> documents, PEP this, module that, GvR musing #42, etc.


    This is documented, in the docs.

    http://docs.python.org/reference/datamodel.html#customizing-instance-and-subclass-checks

    Nobody says the Python docs are perfect, but most things you ask are in
    there. Patches for the docs to improve them are welcome.



    --
    Steven
    Steven D'Aprano, Dec 23, 2010
    #10
  11. kj

    Aahz Guest

    In article <ieu9bk$mt0$>, kj <> wrote:
    >
    >standard OOP semantics


    "...some experts might say a C++ program is not object-oriented without
    inheritance and virtual functions. As one of the early Smalltalk
    implementors myself, I can say they are full of themselves." --zconcept
    --
    Aahz () <*> http://www.pythoncraft.com/

    "The volume of a pizza of thickness 'a' and radius 'z' is
    given by pi*z*z*a"
    Aahz, Jan 18, 2011
    #11
    1. Advertising

Want to reply to this thread or ask your own question?

It takes just 2 minutes to sign up (and it's free!). Just click the sign up button to choose a username and then you can ask your own questions on the forum.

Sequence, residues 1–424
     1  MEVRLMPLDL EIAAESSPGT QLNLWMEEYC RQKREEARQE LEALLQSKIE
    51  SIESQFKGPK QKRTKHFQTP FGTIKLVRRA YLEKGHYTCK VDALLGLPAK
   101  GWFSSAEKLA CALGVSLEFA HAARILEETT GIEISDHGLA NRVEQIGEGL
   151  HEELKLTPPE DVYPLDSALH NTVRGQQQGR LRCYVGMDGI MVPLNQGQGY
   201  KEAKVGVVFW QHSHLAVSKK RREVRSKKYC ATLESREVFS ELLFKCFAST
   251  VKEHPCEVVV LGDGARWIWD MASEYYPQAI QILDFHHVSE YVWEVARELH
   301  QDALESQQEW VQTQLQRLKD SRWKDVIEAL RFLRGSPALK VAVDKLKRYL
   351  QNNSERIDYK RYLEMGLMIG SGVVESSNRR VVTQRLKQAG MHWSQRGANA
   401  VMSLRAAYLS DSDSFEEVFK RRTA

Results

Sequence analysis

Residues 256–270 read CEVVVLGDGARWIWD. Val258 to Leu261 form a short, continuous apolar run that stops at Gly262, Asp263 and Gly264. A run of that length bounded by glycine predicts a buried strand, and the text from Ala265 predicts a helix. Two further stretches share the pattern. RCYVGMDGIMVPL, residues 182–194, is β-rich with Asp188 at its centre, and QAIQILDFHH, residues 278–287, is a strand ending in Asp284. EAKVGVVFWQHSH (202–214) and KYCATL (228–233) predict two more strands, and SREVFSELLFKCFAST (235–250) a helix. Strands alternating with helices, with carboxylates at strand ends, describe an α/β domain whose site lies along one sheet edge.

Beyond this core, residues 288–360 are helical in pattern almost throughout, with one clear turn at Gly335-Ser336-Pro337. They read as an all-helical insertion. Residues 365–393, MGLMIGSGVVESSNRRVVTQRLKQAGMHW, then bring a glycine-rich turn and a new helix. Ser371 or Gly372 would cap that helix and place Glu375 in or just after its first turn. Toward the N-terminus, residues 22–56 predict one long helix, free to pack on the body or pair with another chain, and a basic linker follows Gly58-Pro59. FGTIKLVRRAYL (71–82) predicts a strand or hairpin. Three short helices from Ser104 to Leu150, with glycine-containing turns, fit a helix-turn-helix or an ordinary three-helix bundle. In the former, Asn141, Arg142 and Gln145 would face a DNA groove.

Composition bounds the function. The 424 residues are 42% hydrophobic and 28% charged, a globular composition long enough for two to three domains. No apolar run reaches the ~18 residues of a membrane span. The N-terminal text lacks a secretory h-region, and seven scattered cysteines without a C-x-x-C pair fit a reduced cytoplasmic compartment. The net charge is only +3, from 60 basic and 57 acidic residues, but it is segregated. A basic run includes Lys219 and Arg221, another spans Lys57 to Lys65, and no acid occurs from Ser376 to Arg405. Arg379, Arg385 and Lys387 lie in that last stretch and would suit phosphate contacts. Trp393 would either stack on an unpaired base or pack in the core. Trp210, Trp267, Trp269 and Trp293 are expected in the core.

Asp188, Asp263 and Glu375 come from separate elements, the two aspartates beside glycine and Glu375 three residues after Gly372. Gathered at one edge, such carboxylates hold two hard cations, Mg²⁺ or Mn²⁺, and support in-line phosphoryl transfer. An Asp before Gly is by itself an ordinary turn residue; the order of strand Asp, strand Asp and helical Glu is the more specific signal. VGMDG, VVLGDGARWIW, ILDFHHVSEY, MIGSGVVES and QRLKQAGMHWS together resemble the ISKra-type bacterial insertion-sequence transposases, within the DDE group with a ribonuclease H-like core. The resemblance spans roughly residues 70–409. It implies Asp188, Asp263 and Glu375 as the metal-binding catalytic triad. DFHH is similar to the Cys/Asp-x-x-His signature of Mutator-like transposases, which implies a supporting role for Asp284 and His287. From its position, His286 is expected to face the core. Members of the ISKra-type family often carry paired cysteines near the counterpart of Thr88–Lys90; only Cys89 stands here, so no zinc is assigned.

Similar Threads
  1. Chris Green

    when does issubclass fail?

    Chris Green, Apr 16, 2004, in forum: Python
    Replies:
    1
    Views:
    290
    =?ISO-8859-1?Q?Walter_D=F6rwald?=
    Apr 20, 2004
  2. Nathan Bullock

    How do you make issubclass work

    Nathan Bullock, Sep 11, 2004, in forum: Python
    Replies:
    4
    Views:
    606
    Alex Martelli
    Sep 11, 2004
  3. Osmo Maatta
    Replies:
    3
    Views:
    466
    Osmo Maatta
    Aug 29, 2010
  4. kj
    Replies:
    5
    Views:
    398
  5. Replies:
    1
    Views:
    136
    Steven D'Aprano
    May 31, 2012
Loading...

Share This Page